There aren’t many filmmakers working today who are as revered as David Fincher. Thanks to films like Fight Club, The Social Network, and Zodiac, Fincher has become one of the most successful and popular auteur filmmakers of the past 30 years. However, even someone as dependable as Fincher can make movies that aren’t quite as well-received as others, with some titles destined to be strangely underrated entries in a well-known filmography.
At least, that’s certainly the case with 2011’s The Girl with the Dragon Tattoo. The film, an adaptation of Stieg Larsson’s 2005 novel, mostly received positive reviews when it was released but hasn’t become quite as coveted as many of the other films that Fincher has made over the years. That’s a shame because Fincher’s take on The Girl with the Dragon Tattoo ranks as one of the darkest and most quietly intense Hollywood thrillers of the 2010s.
Fortunately, it’s available to stream now on Netflix, which means it’s never been easier to watch The Girl with the Dragon Tattoo.
Like every great crime thriller, The Girl with the Dragon Tattoo begins with a mystery — in this case, the 40-year-old disappearance and suspected murder of a 16-year-old girl.
The film follows a journalist named Mikael Blomkvist (Daniel Craig) after he is hired by the missing girl’s granduncle, Henrik Vanger (Christopher Plummer), to investigate her disappearance. Along the way, Mikael recruits Lisbeth Salander (Rooney Mara), the film’s titular antisocial hacker and unofficial detective, into helping him with his investigation.
What follows is a twisty and chilling murder mystery, one that grows increasingly darker and more disturbing the further into its runtime it gets. In the end, the film’s central plot culminates in a sequence that is just as dread-inducing and stomach-churningly intense as one of the very best moments in Fincher’s other great thriller: the basement scene in Zodiac.
The Girl with the Dragon Tattoo, which clocks in at a whopping 158 minutes in length, never drags or feels rushed.
While following Lisbeth and Mikael, Fincher adopts the same mentality he did in Zodiac, leaning just as much into the drudgery and repetitious nature of detective work as he does the creepy paranoia that accompanies the film’s central mystery. As a result, The Girl with the Dragon Tattoo achieves a strangely meditative rhythm, one that chugs steadily along for about 2 hours until the moment comes when Fincher decides to ratchet the tension all the way up.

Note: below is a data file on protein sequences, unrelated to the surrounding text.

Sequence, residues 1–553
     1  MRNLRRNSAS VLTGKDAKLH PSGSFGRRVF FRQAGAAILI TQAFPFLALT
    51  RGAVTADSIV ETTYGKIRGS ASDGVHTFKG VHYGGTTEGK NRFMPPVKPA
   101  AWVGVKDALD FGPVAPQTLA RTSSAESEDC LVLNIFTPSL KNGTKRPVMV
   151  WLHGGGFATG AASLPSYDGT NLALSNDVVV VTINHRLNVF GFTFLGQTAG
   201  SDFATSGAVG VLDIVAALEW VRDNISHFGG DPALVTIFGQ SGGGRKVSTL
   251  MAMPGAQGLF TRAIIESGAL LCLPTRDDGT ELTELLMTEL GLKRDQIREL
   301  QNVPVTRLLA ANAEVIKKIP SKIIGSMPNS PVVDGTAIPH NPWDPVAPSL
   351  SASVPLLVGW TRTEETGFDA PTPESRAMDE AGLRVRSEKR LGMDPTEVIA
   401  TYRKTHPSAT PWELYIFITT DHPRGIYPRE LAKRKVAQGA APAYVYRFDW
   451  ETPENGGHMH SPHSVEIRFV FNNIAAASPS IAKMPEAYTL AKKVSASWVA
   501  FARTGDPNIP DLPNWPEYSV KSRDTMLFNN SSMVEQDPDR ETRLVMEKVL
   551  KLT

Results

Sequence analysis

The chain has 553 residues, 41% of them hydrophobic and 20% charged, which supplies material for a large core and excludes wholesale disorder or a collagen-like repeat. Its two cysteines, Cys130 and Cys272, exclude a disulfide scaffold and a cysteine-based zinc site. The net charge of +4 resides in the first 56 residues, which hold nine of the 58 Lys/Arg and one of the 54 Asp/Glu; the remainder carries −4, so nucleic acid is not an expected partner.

Working in tandem with the film’s script, Jeff Cronenweth’s dimly lit, muted cinematography helps to highlight The Girl with the Dragon Tattoo’s dark, wintery Scandinavian locales. Meanwhile, Trent Reznor and Atticus Ross’ atmospheric, methodical score imbues every scene in the film with a quiet, pulsating tension, which maintains the movie’s sense of momentum even when Lisbeth and Mikael’s investigation hits another dead end or takes an unexpected detour.
Of course, The Girl with the Dragon Tattoo wouldn’t work if the performances given by its leads, Daniel Craig and Rooney Mara, failed to reach the same heights as its cinematography, music, direction, and script.
Both Craig and Mara exceed the demands of their respective roles. As Mikael, Craig is smart and capable but carries himself with a subdued, unassuming nonchalance. Mara, however, steals nearly every scene she’s in, playing Lisbeth with raw volatility and messy vulnerability that perfectly communicates the character’s numerous layers and defense mechanisms.
Together, the actors turn Mikael and Lisbeth into a compelling and unlikely screen duo, and it’s a shame that we never got the chance to see Craig and Mara reunite as their characters in a sequel. Fortunately, the film we did get is still one for the books, a wintery crime thriller that’s as well-crafted as just about any other movie David Fincher has ever made — and is deserving of just as much attention and respect.
The Girl with the Dragon Tattoo is streaming now on Netflix.